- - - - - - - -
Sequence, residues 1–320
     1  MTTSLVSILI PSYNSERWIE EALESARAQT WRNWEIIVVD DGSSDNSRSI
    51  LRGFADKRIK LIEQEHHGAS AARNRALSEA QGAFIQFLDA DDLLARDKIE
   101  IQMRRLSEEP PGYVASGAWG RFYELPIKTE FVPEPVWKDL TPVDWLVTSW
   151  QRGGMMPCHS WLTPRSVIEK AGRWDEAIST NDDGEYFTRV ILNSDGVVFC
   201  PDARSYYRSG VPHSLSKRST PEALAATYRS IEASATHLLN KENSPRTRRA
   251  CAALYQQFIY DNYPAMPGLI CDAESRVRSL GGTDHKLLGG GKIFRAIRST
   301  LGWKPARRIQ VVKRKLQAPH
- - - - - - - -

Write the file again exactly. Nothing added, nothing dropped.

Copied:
Sequence, residues 1–320
     1  MTTSLVSILI PSYNSERWIE EALESARAQT WRNWEIIVVD DGSSDNSRSI
    51  LRGFADKRIK LIEQEHHGAS AARNRALSEA QGAFIQFLDA DDLLARDKIE
   101  IQMRRLSEEP PGYVASGAWG RFYELPIKTE FVPEPVWKDL TPVDWLVTSW
   151  QRGGMMPCHS WLTPRSVIEK AGRWDEAIST NDDGEYFTRV ILNSDGVVFC
   201  PDARSYYRSG VPHSLSKRST PEALAATYRS IEASATHLLN KENSPRTRRA
   251  CAALYQQFIY DNYPAMPGLI CDAESRVRSL GGTDHKLLGG GKIFRAIRST
   301  LGWKPARRIQ VVKRKLQAPH